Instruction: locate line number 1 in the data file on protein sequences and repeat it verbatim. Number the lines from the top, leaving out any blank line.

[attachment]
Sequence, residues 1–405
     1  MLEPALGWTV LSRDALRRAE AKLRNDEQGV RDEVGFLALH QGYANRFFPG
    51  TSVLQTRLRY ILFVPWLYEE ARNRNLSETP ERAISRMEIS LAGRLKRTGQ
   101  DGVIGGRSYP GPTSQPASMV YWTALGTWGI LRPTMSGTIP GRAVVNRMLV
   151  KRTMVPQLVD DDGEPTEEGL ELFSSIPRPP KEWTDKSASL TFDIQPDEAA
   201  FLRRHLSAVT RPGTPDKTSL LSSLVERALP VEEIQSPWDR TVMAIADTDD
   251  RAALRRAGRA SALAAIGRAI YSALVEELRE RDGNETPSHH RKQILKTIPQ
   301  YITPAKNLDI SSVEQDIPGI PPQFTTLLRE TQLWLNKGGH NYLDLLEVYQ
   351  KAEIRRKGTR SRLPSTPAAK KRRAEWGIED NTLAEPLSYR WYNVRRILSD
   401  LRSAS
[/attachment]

Sequence, residues 1–405